Bryson DeChambeau out to prove that distance, not accuracy, leads to success
Last Updated: 14/06/20 1:43pm
Bryson DeChambeau is once again attracting plenty of attention around the golfing world after going through a remarkable transition in his physique that has helped him power the ball huge distances.
DeChambeau has packed on around three stone in weight over the last nine months, most of it in muscle, and he is now the leading player on the PGA Tour in the average driving distance statistics.
The American has seen his ball speed with a driver increase from 178mph to 189mph, which gives him an extra 20-25 yards of carry, and Paul McGinley fears that, if DeChambeau finds success, then many other professionals will follow suit in pursuit of distance over accuracy ...
"He's put on three stone and he's had the results he was looking for. He's a scientist by nature, and he's analysed and realised the importance of big hitting on the PGA Tour.
He's seen the correlation between big hitting, and the top players in the world rankings, the guys who are really controlling the game, and he decided he needs to be that kind of player.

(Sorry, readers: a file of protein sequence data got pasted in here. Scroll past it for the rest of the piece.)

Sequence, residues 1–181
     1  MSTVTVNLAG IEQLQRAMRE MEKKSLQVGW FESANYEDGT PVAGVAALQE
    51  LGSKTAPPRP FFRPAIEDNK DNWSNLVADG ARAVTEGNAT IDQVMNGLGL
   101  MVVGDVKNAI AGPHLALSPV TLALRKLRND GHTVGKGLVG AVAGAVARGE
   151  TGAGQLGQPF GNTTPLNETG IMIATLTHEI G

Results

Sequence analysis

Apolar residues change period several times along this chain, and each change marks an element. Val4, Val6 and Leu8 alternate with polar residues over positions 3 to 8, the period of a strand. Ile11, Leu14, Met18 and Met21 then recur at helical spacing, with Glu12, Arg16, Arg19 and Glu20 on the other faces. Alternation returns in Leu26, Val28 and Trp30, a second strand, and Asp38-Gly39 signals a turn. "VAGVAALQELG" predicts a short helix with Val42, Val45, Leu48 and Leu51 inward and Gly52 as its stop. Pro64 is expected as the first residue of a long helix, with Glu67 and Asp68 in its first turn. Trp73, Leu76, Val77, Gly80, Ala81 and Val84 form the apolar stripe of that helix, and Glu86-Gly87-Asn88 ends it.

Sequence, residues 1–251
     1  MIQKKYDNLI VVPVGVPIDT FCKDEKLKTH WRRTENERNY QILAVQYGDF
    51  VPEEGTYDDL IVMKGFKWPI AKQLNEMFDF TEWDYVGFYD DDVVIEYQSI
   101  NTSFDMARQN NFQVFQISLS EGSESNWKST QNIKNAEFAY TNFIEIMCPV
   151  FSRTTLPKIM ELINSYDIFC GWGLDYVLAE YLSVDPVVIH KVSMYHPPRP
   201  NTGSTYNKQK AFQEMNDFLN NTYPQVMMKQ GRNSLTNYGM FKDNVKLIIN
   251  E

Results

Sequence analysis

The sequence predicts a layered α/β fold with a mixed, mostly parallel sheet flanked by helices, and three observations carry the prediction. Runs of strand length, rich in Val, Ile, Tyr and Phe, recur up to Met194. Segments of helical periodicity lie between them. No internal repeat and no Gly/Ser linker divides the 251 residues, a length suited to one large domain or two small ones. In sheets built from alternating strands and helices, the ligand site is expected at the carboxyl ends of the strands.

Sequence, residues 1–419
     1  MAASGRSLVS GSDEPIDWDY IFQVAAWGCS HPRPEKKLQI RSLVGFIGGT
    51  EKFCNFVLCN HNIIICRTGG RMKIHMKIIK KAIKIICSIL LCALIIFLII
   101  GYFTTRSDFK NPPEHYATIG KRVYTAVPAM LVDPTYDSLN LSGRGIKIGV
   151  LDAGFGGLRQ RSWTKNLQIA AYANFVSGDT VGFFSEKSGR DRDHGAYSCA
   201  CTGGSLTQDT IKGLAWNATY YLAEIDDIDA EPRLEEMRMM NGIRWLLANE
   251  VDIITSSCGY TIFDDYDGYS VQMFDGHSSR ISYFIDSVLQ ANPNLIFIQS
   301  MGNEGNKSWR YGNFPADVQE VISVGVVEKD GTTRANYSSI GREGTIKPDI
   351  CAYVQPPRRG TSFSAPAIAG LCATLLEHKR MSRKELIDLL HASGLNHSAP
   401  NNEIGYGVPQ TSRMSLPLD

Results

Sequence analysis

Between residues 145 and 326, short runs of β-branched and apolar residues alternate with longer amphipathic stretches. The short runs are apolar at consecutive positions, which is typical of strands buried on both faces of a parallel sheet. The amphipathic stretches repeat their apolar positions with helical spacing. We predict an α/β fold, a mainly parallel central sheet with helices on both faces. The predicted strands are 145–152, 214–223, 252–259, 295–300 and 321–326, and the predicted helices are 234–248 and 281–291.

Bryson has gone about it by putting on massive amounts of muscle, and he's now hitting the ball so much further than before. This is quite a seismic shift for the game, because if he plays well over the next couple of months and wins, then how many will do the same?
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We're very much like sheep as professional golfers, and if we see someone doing something like this with instantaneous results, then we normally follow. So if Bryson continues with this and has some success, will others be doing something similar?
There's a lot of debate in the game, and there has been for a number of years now, with the likes of Jack Nicklaus, Gary Player and Tiger Woods saying that it has got out of control.
The distance off the tee is becoming too important, and too much of a factor in the game. And Bryson's attitude is that he doesn't need to be in the fairway all the time, because he's going to be so far up there it's going to be so much easier for him.
Of course, at the top level, big hitting has always been a factor, but if you're not a big hitter on Tour, you've pretty much got no chance now. It's incredibly difficult and the odds are stacked against you.
Just look at the top players in the world rankings, and also where they rank in terms of driving distance, not accuracy. There's clearly a huge correlation there.
The game is not just about power, it should be about hitting the ball straight as well. But now it's less and less about how accuracy you are, and more about how far you can hit the ball.
The strokes gained statistics will illustrate that, so all professionals are being told that if they want to succeed, don't worry about hitting it straight, just get your ball speed up.